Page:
Businesswoman transforms young cancer patients into superheroes

Businesswoman turns sick kids into superheroes
Businesswoman turns sick kids into superheroe... 01:44

Last Updated Apr 6, 2021 7:30 PM EDT

The pandemic has been a scary time for most, but especially for children like 4-year-old Elliott Hill, who was diagnosed with cancer in January 2020 after doctors discovered a Wilms tumor in her kidney. 

"We had just gotten back from a family vacation and we'd all kind of gotten sick and went to the doctor. The girls were put on antibiotics and few weeks later, we noticed a huge lump in her abdomen area." Elliot's mom, Janette Hill, said. 

With the pandemic worsening, many children's hospitals nationwide have shut their doors to most visitors, leading to extreme isolation. 

"Now with COVID, they only allow one parent to stay overnight and it just makes it more difficult," said Hill, who is from Fort Worth, Texas. 

Hill quickly turned to social media to ask for prayer, support and to keep her family up-to-date on the status of her daughter. 

There, she met businesswoman Allison Schickel who had created a "brobe" — a robe to help her friend recover from breast cancer. After a few years, Schickel decided to expand and help children recovering from cancer at nearby Texas hospitals.  

"I always wanted to create something for children. And it wasn't until I met a little girl named Elliott that I decided I was going to start the design process and get this to market as quickly as possible," Schickel said.  

Hill and Schickel later met at a nearby park to check out Schickel's prototype. 

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Elliott Hill tries on a superhero robe that she can wear during her hospital stays.  Handout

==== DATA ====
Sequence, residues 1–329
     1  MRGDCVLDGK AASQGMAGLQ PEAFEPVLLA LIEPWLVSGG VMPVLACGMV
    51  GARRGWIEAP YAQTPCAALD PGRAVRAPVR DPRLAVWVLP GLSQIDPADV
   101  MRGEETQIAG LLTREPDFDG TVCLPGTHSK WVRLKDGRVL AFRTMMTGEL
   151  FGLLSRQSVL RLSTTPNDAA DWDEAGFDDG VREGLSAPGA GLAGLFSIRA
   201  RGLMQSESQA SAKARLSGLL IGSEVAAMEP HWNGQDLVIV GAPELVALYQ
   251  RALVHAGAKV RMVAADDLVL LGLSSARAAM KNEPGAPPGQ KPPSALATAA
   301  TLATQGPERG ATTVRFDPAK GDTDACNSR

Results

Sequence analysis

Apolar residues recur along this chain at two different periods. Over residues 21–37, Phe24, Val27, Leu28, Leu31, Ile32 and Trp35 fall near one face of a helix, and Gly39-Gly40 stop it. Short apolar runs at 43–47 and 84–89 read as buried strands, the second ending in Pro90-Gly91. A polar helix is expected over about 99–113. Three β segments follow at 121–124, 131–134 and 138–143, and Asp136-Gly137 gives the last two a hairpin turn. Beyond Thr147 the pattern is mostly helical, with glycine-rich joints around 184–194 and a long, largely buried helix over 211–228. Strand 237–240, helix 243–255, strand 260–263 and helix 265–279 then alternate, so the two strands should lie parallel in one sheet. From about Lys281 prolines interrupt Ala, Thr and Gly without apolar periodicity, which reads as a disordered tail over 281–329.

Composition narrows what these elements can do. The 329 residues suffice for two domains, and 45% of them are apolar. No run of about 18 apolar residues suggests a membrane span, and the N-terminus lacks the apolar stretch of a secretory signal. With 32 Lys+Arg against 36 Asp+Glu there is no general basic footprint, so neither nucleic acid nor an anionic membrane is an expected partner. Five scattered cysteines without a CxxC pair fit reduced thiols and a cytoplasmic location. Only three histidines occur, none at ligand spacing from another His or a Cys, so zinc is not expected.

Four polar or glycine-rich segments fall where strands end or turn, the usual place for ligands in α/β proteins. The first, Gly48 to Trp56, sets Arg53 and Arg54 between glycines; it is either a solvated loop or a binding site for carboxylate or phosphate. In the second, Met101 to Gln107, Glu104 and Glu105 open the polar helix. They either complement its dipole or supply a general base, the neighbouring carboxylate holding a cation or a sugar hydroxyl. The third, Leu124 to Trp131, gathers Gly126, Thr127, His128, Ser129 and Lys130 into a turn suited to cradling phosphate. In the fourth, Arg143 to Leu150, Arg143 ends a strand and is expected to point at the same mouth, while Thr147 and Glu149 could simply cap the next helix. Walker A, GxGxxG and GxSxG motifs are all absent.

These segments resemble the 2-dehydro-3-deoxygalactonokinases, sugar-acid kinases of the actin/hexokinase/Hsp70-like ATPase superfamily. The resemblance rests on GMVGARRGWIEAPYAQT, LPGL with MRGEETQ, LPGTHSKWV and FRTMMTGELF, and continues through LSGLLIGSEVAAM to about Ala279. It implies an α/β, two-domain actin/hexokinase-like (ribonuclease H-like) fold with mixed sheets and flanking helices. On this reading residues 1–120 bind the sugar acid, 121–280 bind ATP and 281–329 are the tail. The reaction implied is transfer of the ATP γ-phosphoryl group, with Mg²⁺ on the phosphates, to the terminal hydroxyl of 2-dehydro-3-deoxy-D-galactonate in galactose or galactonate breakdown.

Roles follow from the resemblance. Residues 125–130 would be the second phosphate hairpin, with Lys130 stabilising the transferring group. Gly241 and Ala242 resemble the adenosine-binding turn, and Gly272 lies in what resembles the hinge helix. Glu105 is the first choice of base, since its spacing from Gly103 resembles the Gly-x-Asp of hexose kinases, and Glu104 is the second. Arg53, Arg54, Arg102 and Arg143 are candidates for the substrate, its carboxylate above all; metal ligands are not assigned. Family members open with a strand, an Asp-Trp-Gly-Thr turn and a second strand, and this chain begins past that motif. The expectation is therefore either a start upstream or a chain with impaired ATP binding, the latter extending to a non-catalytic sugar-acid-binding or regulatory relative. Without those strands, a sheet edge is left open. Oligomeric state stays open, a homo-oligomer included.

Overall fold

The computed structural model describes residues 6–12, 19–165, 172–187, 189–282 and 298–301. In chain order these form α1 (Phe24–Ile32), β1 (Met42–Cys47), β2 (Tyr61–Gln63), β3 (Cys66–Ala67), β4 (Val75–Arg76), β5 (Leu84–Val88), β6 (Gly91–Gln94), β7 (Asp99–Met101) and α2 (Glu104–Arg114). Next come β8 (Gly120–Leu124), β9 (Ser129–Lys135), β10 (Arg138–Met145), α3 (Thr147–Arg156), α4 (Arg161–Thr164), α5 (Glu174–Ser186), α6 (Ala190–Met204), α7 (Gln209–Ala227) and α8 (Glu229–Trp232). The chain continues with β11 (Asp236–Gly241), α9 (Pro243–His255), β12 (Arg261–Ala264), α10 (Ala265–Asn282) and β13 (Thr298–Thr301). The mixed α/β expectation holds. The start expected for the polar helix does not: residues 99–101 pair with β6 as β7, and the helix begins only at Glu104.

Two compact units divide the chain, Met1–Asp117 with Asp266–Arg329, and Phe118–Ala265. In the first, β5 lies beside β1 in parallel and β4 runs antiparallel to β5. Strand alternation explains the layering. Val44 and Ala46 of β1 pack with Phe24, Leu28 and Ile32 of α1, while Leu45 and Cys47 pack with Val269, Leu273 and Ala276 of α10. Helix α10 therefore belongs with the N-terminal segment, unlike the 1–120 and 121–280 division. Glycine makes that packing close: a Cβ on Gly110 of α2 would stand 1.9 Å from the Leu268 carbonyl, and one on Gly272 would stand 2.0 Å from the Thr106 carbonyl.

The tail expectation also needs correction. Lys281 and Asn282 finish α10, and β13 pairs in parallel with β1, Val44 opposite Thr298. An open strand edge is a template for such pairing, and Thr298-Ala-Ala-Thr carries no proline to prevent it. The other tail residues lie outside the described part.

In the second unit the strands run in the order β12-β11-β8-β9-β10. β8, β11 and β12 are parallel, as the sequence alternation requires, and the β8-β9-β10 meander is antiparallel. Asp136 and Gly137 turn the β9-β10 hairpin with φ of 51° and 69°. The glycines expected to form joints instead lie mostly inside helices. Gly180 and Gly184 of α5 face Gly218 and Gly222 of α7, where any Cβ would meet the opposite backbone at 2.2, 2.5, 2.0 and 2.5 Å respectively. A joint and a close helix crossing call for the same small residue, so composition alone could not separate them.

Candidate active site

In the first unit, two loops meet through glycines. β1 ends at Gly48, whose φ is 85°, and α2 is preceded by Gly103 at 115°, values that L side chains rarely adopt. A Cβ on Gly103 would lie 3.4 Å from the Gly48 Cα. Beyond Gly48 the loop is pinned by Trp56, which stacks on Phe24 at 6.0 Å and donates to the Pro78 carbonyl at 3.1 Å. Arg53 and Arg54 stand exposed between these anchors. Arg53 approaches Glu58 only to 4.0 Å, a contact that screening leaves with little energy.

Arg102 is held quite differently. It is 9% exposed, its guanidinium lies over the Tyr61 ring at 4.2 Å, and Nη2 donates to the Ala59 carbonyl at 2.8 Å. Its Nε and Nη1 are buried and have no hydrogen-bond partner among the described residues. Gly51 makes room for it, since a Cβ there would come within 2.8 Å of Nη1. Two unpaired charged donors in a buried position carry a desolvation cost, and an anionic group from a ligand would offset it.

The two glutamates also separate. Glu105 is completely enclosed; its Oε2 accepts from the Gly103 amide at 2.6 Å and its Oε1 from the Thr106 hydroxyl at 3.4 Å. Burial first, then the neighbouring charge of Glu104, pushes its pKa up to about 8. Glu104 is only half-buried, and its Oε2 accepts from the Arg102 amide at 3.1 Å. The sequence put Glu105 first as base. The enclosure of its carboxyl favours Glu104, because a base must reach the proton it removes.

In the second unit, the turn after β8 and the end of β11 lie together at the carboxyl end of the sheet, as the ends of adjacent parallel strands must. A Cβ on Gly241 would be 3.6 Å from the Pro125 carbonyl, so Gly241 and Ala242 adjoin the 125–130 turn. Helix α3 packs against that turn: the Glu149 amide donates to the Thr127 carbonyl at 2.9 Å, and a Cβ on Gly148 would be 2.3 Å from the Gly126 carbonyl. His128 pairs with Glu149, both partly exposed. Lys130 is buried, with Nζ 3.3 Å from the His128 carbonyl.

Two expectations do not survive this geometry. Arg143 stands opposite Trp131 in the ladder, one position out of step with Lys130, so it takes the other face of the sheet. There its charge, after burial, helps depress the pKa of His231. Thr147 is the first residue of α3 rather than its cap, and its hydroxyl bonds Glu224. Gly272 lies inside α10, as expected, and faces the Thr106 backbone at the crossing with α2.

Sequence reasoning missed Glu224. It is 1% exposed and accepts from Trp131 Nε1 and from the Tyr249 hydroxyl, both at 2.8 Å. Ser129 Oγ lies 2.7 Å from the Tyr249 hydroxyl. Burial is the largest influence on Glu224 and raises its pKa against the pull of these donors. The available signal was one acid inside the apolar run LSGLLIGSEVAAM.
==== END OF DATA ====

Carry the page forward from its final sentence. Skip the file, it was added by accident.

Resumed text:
"They wanted to be able to have something that looks like something that was functional but that they could wear inside the hospital. Hospitals are really cold and they didn't want to have to make their children get undressed whenever they were going into an MRI machine or to do an EKG," Schickel said. 

The new robe designed specifically for children with cancer has interior pockets to hold drains and medical equipment, sleeves that snap open for easy access during procedures and an attached superhero cape with a mask. 

The robe puts a smile on Elliott's face every time she puts it on. 

"As a parent, anything in that time frame that allows your kid to express themselves and feel less like a patient and more like themselves, anything that makes them feel that way is obviously going to just be incredible and definitely just help the process," Hill said. 

For Hill, the most important feature was seeing how the superhero cape and mask helped to uplift her little girl's spirit. "They did it in her favorite character, so it was Spiderman ... on the back of it. She was super excited. As soon as she put it on, she put her arms out, starts running around in circles, you know, just being the crazy, wild kid that she is." 

Schickel has partnered with Cook Children's Medical Center in Fort Worth and Dell Children's Medical Center in Austin. She has received thousands of donations nationwide and has set up a website for those who would like to sponsor a child. 

For dozens of children nationwide like Elliot, these superhero robes came to the rescue just in time.  


If you would like to sponsor a child please visit app.hellofund.com/TheElliottSuperheroRobe